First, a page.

Table 1
Baseline Characteristics of 154 HIV-Infected Adolescents According to Virologic Response to HAART

According to the Centers for Disease Control and Prevention HIV staging system,27 58 (37.7%) adolescents met clinical criteria for early HIV disease, 65 (42.2%) were at the intermediate stage of infection, and 31 (20.1%) were at the late stage of their disease course. The mean baseline viral load of the study population was 3.93 log10 copies/mL (standard deviation (SD), 0.88) while the mean CD4+ cell count was 495 cells/µL (SD, 248). Fifty (32.5%) adolescents demonstrated early and sustained viral suppression (“responders”) while 15 (9.7%) had an early but unsustained viral load reduction and 89 (57.8%) showed little or no viral response at all while on HAART. The latter two groups comprised the “sub-optimal responders”.

When we compared individuals according to virologic response to HAART, we found no differences in age, sex, race, education, evidence of depression, or history of drug use. Clinical stage of disease progression, immunogenetic profile, baseline CD4+ cell count, and viral load values were also similar across groups. However, responders had a higher proportion of individuals who reported ever using alcohol than sub-optimal responders (80.0% vs. 61.5%, P = .03). Adherence rates and prior use of mono- or dual ART also differed by virologic response. Responders were less likely to have had a prior history of ART use than sub-optimal responders (30.0% vs. 55.8%, P = .003). Also, responders had been significantly more adherent to their HAART regimen when compared to sub-optimal responders (82.0% vs. 65.3%, P = .03).

Despite statistically significant differences between groups on three separate parameters, only prior ART use was still significantly associated with sub-optimal virologic response on multivariable logistic regression modeling (adjusted OR, 2.6; 95% CI, 1.1– 5.7) (Table 2). There was also a strong trend toward protection from sub-optimal virologic response with adequate HAART adherence (OR, 0.4; 95% CI, 0.2–1.0). Comparisons between HAART response groups revealed that mean pre-HAART plasma concentration of HIV RNA was 0.36 log10 copies/mL higher in the responders (4.13 log10 copies/mL; SD, 0.76) compared to sub-optimal responders (3.77 log10 copies/mL; SD, 0.90) (P < .001) (Table 3). At post HAART visits, viral responders had a 7-fold log10 copies/mL viral load decrement compared to sub-optimal responders (−2.11 log10 copies/mL; standard deviation (SD), 0.68 vs.−0.29 log10 copies/mL; SD, 0.93; .P < .001) (Figure 1). And the responders maintained at least 1.0 log10 copies/mL lower concentration of plasma HIV RNA than sub-optimal responders on all subsequent post-HAART initiation visits except the last (P < .001). After the baseline visit at which the responders had a lower CD4+ cell count than the sub-optimal response group (458 cells/µL vs 503 cells/µL, P .03), the responders consistently exhibited significantly higher CD4+ cell counts across all remaining visits (P < .001).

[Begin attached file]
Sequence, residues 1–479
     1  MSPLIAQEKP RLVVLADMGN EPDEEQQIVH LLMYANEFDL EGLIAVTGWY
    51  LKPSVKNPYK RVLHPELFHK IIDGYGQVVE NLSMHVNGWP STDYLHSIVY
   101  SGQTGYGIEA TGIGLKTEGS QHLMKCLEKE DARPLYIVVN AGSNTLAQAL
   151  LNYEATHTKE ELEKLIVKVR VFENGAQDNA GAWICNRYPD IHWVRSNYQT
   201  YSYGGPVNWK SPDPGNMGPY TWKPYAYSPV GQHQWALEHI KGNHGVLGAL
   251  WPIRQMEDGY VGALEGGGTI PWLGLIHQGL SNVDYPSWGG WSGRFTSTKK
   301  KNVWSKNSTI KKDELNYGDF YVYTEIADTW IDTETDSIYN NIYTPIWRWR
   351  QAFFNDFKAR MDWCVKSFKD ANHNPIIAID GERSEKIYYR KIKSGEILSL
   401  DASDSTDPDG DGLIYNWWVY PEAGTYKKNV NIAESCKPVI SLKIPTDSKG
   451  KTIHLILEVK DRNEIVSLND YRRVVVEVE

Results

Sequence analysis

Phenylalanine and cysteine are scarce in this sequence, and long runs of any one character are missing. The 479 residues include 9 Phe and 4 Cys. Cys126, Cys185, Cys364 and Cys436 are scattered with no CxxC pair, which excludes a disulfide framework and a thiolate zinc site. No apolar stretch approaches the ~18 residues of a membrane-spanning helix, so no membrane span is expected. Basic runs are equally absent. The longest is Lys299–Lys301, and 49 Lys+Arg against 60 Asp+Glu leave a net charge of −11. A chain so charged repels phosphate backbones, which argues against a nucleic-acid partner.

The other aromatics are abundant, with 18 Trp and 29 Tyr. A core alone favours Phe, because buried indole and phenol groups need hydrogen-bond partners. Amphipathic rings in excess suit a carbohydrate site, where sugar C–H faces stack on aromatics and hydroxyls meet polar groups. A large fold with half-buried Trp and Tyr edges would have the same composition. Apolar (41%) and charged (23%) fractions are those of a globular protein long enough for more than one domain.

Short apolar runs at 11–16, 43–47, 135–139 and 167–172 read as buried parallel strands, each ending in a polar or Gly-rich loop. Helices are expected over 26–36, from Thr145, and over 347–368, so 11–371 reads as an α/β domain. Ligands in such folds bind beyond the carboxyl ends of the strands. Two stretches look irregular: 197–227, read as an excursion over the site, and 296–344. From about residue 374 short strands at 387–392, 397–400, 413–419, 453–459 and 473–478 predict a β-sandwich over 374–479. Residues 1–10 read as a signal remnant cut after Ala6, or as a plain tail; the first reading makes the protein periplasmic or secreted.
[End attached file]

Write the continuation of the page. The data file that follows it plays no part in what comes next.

Figure 1
Pre-Post HAART Viral Load and CD4+ Cell Counts According to Virologic Response
Table 2
Multivariable Adjusted Likelihood of Sub-Optimal Virologic Response to HAART in Association with Sociodemographic Characteristics Among 154 HIV-Infected Adolescents.a,b
Table 3
Mixed Model of Plasma Concentrations of HIV RNA and CD4+ Cell Counts Among Adolescent Responders and Sub-Optimal Responders to HAART Before and After HAART initiation. a, b


Data on the predictors of clinical outcomes in HIV-infected adolescents are sparse and primarily limited to long-term survivors of perinatal transmission.28, 29 Since adolescents with HIV infection may not know their status and/or may not be in clinical care, it is hard for any single site outside of Africa to have a large enough number of HIV-infected adolescents to tease out the factors salient to clinical failure. The REACH project made it possible for us to overcome these limitations by combining 16 sites from 13 diverse locales in US cities for a prospective care-based epidemiologic study.

We found that adolescents with a prior history of ART use were more than twice as likely to have a sub-optimal virologic response to HAART than if they had been completely ART naïve. These outcomes are consistent with previous studies in both adults and children. Use of mono- or dual therapy is inherently sub-optimal and precipitates the emergence of resistant HIV strains. We acknowledge the possibility that adolescents on prior ART may have been non-adherent with their medication regimen as well. We found, however, that adolescents with at least 50% adherence to their HAART regimen through at least 50% of their study visits were 60% less likely to exhibit a poor virologic response. That even modest ART adherence should have had such a large protective effect is encouraging. Still, moderate adherence poses a high risk for emergence of viral resistance as it is well established that the lower the proportion of adherent participants, the higher the mean viral load.30, 31 Most studies have indicated that exceptionally high adherence (>95%) is needed in order to maintain adequate virologic suppression.3234 These results are, therefore, consistent with findings from studies in both adults and children that show HAART adherence is essential to achieve sustained suppression of HIV replication and immunologic reconstitution, although an elevated risk of developing resistant viral strains remains.3537